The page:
The poem shows two neighbours coming together for the annual rebuilding of the wall between their properties. Although the speaker seems dubious about what function the wall has, it is he who initiates the rebuilding ("I let my neighbour know...") as well as doing irregular repairs on his own initiative ("I have come after them [hunters] and made repair"). But he also dismisses the rebuilding as "just another kind of outdoor game." Why does he play?

I think the answer is that while he may feel the wall should be unnecessary, he also needs to keep his neighbour at a distance. He teases the man, but is wary of him and cannot understand his clinging to "his father's saying" about good neighbours needing good fences. Near the end, the narrator slips into a defensive tone,

I see him there
Bringing a stone grasped firmly by the top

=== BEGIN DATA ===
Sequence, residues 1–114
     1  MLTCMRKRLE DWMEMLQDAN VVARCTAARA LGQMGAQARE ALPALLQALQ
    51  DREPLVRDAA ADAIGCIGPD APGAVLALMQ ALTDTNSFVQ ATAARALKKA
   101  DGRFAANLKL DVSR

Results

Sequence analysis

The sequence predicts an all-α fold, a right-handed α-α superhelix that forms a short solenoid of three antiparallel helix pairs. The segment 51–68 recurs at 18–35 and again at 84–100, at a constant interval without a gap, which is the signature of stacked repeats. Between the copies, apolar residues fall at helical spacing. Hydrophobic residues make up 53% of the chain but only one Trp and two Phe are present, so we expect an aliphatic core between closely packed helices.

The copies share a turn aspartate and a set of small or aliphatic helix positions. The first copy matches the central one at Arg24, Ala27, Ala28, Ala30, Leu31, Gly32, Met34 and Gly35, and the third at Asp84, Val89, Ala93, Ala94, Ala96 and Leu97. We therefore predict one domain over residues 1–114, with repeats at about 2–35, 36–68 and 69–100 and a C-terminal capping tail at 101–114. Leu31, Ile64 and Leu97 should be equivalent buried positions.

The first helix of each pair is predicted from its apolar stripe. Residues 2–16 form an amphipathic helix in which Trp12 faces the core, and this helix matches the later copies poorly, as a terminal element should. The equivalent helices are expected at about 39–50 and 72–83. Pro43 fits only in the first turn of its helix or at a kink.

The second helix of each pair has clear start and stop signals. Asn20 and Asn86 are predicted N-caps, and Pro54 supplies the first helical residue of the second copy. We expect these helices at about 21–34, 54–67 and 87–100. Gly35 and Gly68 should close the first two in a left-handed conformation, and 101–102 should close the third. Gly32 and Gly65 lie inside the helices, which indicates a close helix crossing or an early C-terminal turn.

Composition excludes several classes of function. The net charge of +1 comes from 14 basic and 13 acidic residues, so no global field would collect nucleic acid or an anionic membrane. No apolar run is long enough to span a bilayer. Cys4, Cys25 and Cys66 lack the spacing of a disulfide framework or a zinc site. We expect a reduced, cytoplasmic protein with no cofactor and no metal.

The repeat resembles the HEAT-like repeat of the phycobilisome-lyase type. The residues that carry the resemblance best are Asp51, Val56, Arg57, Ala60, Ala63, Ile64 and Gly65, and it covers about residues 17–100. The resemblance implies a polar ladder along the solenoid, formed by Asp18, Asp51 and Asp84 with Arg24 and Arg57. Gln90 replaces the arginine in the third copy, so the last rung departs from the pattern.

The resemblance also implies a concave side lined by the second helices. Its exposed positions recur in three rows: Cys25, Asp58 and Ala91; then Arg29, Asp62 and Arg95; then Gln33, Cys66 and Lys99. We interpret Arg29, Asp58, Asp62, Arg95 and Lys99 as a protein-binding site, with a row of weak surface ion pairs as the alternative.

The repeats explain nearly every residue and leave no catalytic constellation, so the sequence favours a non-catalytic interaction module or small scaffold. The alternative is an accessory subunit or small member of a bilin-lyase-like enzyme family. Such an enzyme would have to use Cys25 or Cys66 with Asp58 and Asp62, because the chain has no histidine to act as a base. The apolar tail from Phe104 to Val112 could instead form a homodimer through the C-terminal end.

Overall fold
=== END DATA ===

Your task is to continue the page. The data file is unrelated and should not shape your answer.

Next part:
In each hand, like an old-stone savage armed.
He moves in darkness as it seems to me,
Not of woods only and the shade of trees

This evokes the original function of walls, from the Garden of Eden onward, to keep "darkness" outside, away from human civilization.

To sum up, nature and growth work against walls, but the ever-present threat from the incomprehensible otherness of our fellow humans preserves walls as a guarantee that we know our bounds and will keep our peace by respecting each others' limits.

You've done a fabulous job of interpreting the poem, but I really don't think Frost meant for us to work so hard to understand his poetry. Read the poem again. See if you catch the speaker's displeasure at having to repair the wall every year. He'd rather leave it alone, let the gap grow. It's his neighbor who thinks good fences make good neighbors. Frost would be much more likely to sit on the wall and contemplate the nature around him. He did like his privacy; if you've ever seen how isolated his cabin at Bread Loaf is, you'll understand that. However, he also liked company.